Even in fundamental industries such as agriculture, adapting to change is essential. Responding to the changing world is the only way to keep such sectors afloat and thriving. More insights from Farmer’s Weekly:
Many agricultural economists believe that the world, including its agricultural sector, is moving from structural to fundamental change.
This will reshape value chains, business models, governments and employment, and affect the way we live and relate to one another.
As it is, farmers everywhere have already begun experiencing significant changes in markets, demand, food security, climate and technology.
Since about 2010, agricultural markets appear to have seen a reversal of trade liberalisation and openness. Adding to the uncertainty surrounding this trend are issues such as Brexit.
Here in South Africa, we don’t know what will happen with the SA/US AGOA agreement.
Will we see more protectionism in global agricultural trade? No-one knows, but time will tell.
A major topic worldwide has been population growth and how this will drive food demand. While previous projections assumed that the planet’s population would keep growing, it is
now expected to reach 11 billion by 2100 and stabilise.
Growing demand for agricultural products is also being driven by increasing personal incomes. Having more money results in a greater demand for food as well as a more varied diet.
Changing food security
Recent years have seen food security scares in certain parts of the world. These have largely been due to increasing food prices, with local populations protesting that food is becoming unaffordable. We have seen protests even here in South Africa.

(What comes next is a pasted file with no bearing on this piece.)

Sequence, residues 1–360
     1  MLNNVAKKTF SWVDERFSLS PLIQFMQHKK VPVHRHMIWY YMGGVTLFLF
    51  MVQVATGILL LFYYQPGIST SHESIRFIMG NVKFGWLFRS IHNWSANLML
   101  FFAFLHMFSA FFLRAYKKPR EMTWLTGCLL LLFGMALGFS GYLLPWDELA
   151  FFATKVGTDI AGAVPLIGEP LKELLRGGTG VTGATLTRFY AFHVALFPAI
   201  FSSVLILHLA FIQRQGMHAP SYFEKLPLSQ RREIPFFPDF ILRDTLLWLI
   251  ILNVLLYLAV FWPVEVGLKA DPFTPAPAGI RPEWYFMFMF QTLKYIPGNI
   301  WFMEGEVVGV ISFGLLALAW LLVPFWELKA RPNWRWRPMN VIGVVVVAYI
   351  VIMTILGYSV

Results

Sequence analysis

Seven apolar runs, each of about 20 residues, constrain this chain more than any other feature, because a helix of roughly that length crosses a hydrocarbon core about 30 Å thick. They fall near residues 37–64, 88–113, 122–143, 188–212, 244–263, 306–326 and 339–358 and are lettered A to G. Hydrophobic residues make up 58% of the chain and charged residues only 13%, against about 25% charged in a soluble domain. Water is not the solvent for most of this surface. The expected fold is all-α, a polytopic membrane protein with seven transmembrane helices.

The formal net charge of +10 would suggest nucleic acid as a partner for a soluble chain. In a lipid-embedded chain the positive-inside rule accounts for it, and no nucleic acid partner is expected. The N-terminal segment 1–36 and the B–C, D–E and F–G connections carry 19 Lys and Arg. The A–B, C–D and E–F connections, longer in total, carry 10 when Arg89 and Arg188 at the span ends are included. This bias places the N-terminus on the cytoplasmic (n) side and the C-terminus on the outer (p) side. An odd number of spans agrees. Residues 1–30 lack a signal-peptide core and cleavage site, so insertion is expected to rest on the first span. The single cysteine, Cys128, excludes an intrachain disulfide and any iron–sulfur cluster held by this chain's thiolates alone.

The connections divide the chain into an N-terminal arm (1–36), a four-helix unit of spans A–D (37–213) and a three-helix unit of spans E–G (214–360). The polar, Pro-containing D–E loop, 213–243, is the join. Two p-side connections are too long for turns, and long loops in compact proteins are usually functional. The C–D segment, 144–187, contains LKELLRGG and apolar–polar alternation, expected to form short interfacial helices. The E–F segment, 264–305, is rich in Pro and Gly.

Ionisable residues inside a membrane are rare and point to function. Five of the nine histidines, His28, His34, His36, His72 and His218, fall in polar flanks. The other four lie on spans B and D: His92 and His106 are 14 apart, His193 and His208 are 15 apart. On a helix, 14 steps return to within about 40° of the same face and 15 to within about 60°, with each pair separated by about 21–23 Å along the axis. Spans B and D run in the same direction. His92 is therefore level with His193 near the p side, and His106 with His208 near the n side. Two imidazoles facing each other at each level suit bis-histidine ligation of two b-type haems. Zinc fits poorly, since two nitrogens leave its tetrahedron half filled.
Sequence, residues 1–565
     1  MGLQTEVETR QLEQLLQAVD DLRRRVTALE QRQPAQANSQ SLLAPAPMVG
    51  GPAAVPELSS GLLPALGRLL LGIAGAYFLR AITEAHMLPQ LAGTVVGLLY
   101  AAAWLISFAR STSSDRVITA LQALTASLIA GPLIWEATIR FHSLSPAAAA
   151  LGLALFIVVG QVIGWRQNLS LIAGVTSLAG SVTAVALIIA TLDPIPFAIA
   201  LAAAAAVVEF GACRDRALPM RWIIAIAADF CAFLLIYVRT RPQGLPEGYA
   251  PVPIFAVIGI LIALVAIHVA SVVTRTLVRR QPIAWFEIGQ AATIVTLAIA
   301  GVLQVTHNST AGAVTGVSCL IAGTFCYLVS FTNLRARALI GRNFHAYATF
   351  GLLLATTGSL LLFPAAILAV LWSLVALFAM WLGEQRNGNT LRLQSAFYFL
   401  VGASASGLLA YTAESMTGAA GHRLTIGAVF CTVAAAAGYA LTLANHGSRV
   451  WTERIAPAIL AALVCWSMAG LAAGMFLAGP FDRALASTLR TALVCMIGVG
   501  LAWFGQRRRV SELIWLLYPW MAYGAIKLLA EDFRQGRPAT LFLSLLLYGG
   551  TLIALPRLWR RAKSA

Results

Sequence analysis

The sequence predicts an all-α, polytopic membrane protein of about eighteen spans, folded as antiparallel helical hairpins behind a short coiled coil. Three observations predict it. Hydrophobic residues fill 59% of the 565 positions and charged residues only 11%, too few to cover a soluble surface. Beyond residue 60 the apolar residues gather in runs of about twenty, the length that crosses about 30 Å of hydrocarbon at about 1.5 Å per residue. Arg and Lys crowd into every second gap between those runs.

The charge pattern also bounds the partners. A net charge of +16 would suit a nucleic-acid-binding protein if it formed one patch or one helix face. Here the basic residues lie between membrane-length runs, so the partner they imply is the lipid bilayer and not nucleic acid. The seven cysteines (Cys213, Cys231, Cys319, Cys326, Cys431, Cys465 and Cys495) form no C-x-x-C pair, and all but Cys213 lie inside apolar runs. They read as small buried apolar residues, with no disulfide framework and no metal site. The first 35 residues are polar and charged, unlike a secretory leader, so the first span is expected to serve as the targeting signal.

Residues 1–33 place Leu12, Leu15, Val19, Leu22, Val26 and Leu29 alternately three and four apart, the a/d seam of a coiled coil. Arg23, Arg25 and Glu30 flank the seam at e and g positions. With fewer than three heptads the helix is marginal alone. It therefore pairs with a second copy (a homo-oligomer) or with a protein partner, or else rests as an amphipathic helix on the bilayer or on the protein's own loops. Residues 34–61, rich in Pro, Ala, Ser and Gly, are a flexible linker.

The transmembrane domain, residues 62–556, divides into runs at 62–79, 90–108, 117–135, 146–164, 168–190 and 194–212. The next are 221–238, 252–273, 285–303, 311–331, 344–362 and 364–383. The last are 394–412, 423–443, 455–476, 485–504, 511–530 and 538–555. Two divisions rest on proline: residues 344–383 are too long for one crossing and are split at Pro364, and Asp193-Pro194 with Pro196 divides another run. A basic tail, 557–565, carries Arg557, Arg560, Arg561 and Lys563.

Such protests could increase globally if issues of food security and affordability are not urgently and adequately addressed.
We are seeing more climate change-related natural disasters such as storms, floods, droughts and wildfires. The Western Cape, for example, is still in the grip of a crippling drought and has experienced major runaway fires as a result.
There are already a number of ‘disruptive technologies’ that are leading to what has been termed the ‘fourth industrial revolution’. These include the Internet, 3D printing, advanced robotics, driverless tractors, new manufacturing materials, and genetic advancements.
Bioengineering has already created the first laboratory-manufactured hamburger patties. Could fruit and vegetables be next? In Japan, a fully automated, energy- and the water-efficient facility will soon produce 30 000 head of lettuce daily.
New technology is also one of the reasons agricultural employment around the world, and particularly in developed countries, is declining steadily. In South Africa, we are also experiencing this trend.
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